[00:12:32:13] CURT NEWTON: Thanks, yeah.

[00:12:33:13] ZEYNAB MAGAVI: Yeah.

[00:12:34:09] RAJESH KASTURIRANGAN: So clearly you needed to work with the utilities to do everything from sensing the leaks to fixing.

[00:12:40:05] ZEYNAB MAGAVI: Yeah, so here in Cambridge, we just started writing them letters saying, hey, want to sit down and talk? And

[00:12:45:12] DAVE DAMM-LUHR: What did they say?

[00:12:46:23] ZEYNAB MAGAVI: Well, it did take a little while, but we went back and forth and they said, yeah.

[00:12:50:19] CURT NEWTON: Wow.

[00:12:51:20] ZEYNAB MAGAVI: Yeah, and three moms, December of 2015, three moms-- Audrey, myself, and another, we walked into Eversource's headquarters and sat down in a conference room with the president of Eversource Gas and two other executives. And we didn't know what was going to happen at that point. And we started by telling them, by doing the Mothers Out Front thing and telling them the stories of our kids.

[00:13:16:18] DAVE DAMM-LUHR: And they had children, too?

[00:13:18:01] ZEYNAB MAGAVI: Yes, in fact, [INAUDIBLE] likely told us about his kids right back. And we bonded around that common ground that we all cared for kids' future.

[00:13:27:11] DAVE DAMM-LUHR: Of course.

[00:13:27:25] ZEYNAB MAGAVI: And if there's something we can do and we can make it a win-win, let's do it. So they agreed by the end of the-- we proposed our pilot study to research and figure out how to find those largest leaks, try it in Cambridge, and they said, yes. And then, Columbia Gas said yes. They were amazing. So we got the three largest utilities in Massachusetts to join us in this pilot study-- National Grid, Columbia Gas and Eversource Gas, that covers 95% of the gas customers.

[00:13:54:29] DAVE DAMM-LUHR: Wow.

[00:13:55:21] ZEYNAB MAGAVI: And we went out in different parts around the state where HEAT led the research study.

[00:14:01:11] DAVE DAMM-LUHR: What does HEAT stand for, again?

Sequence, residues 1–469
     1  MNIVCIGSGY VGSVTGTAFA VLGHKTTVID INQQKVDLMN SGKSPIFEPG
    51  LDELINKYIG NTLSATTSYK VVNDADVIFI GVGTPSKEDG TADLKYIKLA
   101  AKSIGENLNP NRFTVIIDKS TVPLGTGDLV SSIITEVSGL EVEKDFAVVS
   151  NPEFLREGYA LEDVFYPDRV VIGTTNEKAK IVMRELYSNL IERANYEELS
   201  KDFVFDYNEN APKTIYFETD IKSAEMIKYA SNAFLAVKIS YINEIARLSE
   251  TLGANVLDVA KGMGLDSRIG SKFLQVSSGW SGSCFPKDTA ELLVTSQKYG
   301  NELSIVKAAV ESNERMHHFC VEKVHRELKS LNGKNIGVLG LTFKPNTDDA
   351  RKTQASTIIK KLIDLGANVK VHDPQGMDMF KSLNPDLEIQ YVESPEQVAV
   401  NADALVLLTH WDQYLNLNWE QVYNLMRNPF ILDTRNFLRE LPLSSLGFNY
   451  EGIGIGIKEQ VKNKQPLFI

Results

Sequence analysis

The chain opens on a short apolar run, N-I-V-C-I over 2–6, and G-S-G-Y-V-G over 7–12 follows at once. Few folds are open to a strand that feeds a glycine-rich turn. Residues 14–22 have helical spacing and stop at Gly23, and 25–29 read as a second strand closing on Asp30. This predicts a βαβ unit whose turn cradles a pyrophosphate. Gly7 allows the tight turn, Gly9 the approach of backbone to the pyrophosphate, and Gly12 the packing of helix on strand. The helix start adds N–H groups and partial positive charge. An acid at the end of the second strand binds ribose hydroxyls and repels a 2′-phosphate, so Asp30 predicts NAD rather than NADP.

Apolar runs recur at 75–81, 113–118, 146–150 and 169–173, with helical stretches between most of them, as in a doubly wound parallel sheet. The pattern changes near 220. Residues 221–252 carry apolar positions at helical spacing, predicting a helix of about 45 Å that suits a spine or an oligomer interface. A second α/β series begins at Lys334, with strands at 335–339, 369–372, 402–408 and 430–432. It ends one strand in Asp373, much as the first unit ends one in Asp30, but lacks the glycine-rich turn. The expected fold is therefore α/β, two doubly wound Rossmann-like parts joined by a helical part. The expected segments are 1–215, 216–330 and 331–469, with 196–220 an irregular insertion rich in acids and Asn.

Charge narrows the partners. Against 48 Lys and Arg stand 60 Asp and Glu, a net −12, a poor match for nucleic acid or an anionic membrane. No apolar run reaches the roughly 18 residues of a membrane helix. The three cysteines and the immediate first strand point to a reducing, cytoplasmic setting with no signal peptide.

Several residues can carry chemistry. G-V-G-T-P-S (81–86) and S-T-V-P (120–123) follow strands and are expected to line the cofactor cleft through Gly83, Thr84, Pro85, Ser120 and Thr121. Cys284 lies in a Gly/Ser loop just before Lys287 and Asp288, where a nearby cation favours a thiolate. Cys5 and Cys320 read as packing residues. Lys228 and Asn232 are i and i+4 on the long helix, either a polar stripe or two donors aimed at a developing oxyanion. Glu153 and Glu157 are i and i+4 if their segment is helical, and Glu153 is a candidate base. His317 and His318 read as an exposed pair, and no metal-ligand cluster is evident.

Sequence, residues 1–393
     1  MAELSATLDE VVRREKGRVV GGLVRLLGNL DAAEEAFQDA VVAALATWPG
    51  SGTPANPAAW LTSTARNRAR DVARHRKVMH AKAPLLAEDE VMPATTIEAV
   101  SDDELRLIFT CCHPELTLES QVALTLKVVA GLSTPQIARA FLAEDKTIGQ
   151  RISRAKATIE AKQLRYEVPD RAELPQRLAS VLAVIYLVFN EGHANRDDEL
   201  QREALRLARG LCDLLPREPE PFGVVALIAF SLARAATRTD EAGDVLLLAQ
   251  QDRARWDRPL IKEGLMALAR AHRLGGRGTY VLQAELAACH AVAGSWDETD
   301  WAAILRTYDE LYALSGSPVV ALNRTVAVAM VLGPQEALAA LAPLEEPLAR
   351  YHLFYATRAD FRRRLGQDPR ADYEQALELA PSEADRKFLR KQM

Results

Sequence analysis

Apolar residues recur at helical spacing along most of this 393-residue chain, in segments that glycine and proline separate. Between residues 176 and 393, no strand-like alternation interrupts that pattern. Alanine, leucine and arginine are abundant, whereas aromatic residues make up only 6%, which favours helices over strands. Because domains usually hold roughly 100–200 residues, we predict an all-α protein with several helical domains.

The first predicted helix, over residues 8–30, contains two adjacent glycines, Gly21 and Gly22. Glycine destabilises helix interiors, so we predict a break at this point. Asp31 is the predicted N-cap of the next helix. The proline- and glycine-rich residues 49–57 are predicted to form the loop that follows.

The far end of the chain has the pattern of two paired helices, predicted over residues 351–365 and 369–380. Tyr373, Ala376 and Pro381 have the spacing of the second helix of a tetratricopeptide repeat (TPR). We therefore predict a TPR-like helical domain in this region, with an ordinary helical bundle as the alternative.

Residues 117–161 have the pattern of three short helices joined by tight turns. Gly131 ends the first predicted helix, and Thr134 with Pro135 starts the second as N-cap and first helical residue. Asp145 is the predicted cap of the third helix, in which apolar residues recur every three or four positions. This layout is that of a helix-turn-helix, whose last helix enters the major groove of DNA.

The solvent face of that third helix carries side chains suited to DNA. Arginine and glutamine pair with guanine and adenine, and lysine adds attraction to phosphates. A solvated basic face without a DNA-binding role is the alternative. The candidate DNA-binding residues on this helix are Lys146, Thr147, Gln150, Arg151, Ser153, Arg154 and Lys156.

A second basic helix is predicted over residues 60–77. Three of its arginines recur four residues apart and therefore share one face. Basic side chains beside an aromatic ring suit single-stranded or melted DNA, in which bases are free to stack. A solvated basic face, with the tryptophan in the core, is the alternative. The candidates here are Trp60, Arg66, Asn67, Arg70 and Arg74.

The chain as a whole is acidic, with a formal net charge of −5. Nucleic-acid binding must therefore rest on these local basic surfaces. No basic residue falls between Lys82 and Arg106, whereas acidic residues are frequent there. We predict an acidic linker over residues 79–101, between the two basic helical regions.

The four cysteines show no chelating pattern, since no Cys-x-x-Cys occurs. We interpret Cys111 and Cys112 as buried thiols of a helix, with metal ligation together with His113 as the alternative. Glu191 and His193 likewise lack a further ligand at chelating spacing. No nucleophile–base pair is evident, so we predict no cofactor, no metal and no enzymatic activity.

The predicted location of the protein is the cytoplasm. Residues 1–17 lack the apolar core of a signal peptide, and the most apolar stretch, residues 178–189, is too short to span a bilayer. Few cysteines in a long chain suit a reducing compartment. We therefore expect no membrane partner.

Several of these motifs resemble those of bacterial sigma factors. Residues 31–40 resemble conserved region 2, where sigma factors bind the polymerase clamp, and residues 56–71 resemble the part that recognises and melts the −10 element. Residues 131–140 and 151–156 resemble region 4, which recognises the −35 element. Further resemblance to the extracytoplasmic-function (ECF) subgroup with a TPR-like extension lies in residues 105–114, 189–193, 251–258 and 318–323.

[00:14:02:18] ZEYNAB MAGAVI: Home Energy Efficiency Team.

[00:14:04:05] DAVE DAMM-LUHR: OK, thanks.

[00:14:04:15] ZEYNAB MAGAVI: It's a small nonprofit that packs a powerful punch. And I was the research lead and we went out. We had a lot of moms in hats. Mothers Out Front was in full support and out on the utility trucks. And we learned a lot in a short time.

[00:14:20:14] DAVE DAMM-LUHR: This was all as volunteers, right? You were not payed by anybody?

[00:14:23:13] ZEYNAB MAGAVI: Yeah. This was as volunteers

[00:14:24:20] RAJESH KASTURIRANGAN: So every fairy tale has some obstacle, right?

[00:14:30:04] [LAUGHTER]

[00:14:31:29] ZEYNAB MAGAVI: Yeah,

[00:14:32:26] RAJESH KASTURIRANGAN: So what were the challenges in actually executing on the goals of this project?

[00:14:39:21] ZEYNAB MAGAVI: Oh, it wasn't easy. I don't want to give that impression. In fact, I don't think anything ever really is. But when you're all done you have this nice straight arrow from the beginning to the end like, this is what we did- la, la, la, la, la. And here are the results.

[00:14:52:07] DAVE DAMM-LUHR: Straight line, yeah.

[00:14:53:01] ZEYNAB MAGAVI: And it's never like that. It's always back and forth and up and down in a giant squiggle, as Leith Sharp says. So you know, we kept having to recenter and re-motivate different groups. And in order to do that, we had to learn a lot of the language and perspective of other groups, like the utilities. And so that switching perspectives was actually a hard thing to do. I found it hard.

[00:15:24:27] DAVE DAMM-LUHR: It's not an engineering problem.